Jan. 21—MONTVILLE — The Federal Trade Commission last month issued a cease-and-desist demand to Family First Life, a life insurance marketing company based in Uncasville, after reviewing social media posts and determining the company "is unlawfully misrepresenting that consumers who become Family First Life business opportunity participants are likely to earn substantial income."
The email is dated Dec. 27, but the FTC included this as part of a press release Wednesday rounding up letters sent to more than 20 companies, mostly regarding false claims about treatments and cures for COVID-19.
Family First Life doesn't sell its own insurance but partners with carriers, and is made up of independent agents across the country. President Shawn Meaike established the company in 2013.
The email to Meaike — from Lois C. Greisman, associate director in the Division of Marketing Practices — presented three examples from April, June and July, including two from TikTok and one from YouTube. One TikTok post said "Make your WEEKLY salary in ONE DAY as an Agent with Family First Life.... What was your biggest paycheck in a month? — Last month I checked on mine and it was like $40k in a month."
The FTC said representations about a business opportunity are considered false or misleading if participants "generally do not achieve such results. Even truthful testimonials from participants who do earn significant income or more will likely be misleading unless the advertising also makes clear the amount earned or lost by most participants."
The letter said Meaike is responsible for the claims of participants and representatives.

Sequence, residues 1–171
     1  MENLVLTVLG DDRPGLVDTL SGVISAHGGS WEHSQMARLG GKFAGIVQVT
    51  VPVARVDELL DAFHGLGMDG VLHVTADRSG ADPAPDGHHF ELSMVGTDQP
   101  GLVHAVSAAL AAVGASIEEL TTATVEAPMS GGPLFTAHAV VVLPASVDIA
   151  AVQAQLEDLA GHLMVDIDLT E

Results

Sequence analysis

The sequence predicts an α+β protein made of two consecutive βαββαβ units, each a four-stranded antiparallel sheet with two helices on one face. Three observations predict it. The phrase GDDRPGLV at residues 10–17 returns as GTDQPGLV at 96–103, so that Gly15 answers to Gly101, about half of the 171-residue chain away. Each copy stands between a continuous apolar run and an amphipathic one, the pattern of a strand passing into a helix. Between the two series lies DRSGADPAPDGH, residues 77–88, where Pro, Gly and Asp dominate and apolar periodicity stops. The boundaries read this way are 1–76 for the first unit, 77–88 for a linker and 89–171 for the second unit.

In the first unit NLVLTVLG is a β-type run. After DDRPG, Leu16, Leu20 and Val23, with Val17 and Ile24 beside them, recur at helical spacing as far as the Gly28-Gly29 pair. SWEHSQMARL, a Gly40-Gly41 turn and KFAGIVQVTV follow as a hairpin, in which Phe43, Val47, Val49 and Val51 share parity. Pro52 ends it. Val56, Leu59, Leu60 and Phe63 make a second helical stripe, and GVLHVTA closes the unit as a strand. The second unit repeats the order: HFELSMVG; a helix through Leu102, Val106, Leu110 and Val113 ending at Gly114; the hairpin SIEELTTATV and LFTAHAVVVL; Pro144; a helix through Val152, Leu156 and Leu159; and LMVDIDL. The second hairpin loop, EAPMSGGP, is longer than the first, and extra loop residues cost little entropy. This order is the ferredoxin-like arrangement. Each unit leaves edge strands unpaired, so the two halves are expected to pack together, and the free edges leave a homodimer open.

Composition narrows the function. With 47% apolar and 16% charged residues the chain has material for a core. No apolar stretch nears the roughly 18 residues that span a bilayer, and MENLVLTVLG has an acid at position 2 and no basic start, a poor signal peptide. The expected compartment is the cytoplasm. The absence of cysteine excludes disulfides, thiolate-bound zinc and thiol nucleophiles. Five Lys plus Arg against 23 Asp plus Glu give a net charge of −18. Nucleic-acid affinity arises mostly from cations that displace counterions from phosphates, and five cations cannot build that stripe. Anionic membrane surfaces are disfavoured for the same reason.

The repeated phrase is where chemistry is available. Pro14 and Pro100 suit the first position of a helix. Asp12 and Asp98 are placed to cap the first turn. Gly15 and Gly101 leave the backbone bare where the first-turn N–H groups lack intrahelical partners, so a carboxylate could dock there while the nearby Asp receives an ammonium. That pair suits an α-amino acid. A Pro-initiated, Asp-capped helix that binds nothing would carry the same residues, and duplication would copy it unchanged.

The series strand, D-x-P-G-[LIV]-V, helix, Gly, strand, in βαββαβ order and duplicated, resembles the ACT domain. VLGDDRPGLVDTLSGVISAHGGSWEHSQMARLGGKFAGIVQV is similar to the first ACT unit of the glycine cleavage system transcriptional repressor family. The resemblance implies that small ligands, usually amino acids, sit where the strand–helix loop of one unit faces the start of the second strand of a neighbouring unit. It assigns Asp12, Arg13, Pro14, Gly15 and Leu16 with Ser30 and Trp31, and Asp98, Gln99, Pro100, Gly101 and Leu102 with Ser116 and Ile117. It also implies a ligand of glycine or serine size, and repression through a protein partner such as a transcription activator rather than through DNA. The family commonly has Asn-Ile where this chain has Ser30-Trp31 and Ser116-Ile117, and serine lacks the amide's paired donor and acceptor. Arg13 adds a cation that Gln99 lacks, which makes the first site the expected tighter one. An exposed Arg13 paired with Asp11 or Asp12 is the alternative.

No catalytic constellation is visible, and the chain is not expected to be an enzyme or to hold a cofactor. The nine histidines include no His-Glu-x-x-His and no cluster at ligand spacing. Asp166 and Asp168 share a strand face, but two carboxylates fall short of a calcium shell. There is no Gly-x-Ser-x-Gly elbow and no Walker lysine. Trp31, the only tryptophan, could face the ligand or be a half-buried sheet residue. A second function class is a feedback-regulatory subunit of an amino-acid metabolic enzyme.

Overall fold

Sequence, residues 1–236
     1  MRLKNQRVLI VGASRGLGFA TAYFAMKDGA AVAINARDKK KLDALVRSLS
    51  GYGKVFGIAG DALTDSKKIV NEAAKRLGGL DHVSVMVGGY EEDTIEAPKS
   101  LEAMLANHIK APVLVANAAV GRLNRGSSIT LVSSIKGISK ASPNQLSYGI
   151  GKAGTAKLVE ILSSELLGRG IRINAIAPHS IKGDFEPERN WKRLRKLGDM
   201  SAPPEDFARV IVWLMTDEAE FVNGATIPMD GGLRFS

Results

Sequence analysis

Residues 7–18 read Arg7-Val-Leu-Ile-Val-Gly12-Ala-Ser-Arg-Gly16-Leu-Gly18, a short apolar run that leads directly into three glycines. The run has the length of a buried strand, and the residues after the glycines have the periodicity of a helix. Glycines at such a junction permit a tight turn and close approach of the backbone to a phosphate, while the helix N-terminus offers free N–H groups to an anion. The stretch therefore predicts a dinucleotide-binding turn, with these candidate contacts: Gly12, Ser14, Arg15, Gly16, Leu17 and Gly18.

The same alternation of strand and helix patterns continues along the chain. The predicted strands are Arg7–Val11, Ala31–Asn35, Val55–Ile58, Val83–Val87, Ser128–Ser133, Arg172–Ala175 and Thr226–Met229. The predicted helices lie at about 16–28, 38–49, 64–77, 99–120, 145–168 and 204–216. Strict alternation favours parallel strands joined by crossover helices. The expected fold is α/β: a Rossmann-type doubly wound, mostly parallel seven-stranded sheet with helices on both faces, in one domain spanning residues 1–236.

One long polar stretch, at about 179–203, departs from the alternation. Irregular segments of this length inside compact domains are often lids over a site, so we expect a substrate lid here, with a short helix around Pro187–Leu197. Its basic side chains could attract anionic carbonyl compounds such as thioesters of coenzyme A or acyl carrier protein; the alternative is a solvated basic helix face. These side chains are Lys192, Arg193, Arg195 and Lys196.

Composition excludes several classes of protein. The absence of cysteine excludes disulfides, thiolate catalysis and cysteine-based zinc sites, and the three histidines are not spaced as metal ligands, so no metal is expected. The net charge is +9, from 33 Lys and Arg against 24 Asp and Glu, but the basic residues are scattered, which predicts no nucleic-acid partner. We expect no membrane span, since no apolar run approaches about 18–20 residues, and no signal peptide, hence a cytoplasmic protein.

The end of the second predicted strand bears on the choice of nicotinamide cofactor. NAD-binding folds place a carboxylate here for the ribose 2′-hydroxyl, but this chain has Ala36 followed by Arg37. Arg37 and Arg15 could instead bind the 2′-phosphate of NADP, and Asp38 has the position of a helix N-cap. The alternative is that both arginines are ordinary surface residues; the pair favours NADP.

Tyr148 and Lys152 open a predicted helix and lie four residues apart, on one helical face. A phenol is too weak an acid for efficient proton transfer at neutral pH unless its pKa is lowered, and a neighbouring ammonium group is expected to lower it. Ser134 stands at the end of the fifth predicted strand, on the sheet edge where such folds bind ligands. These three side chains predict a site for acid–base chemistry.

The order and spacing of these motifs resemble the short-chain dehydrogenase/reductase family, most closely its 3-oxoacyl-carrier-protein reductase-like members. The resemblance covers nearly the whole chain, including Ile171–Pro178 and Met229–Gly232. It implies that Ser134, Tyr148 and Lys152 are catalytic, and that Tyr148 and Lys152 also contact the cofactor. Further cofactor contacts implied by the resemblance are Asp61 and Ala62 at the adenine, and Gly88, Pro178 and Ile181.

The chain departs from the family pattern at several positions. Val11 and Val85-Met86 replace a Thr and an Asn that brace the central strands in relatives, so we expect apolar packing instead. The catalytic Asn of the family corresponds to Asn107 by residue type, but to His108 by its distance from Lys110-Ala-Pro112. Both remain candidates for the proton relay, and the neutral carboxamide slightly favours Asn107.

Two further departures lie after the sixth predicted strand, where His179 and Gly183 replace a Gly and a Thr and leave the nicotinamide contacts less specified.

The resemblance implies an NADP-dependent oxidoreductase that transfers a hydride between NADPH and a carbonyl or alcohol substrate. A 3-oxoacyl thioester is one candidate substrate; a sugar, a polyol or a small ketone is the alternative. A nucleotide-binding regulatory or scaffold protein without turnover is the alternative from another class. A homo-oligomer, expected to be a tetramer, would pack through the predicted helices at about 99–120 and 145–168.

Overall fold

Greisman ended by asking Meaike to certify within 48 hours "that you and your participants and representatives have ceased making express and implied earnings claims that would be false or misleading to current or prospective participants."
FTC spokesperson Mitchell Katz said the commission doesn't comment on whether any companies have responded to or complied with letters, as that is nonpublic information, but confirmed the FTC hasn't announced any other actions against the company since Dec. 27. Meaike didn't respond to a voicemail or email Thursday.
In October and November, the commission had sent Family First Life a copy of its Notices of Penalty Offenses Concerning Money-Making Opportunities and Endorsements and Testimonials, said engaging in the conduct described could subject the company to civil penalties of up to $43,792 per violation, and requested the notices be distributed to subsidiaries.
The October letter said staff wasn't singling out the company, but was widely distributing notices to multilevel marketing companies, franchises, gig companies and others.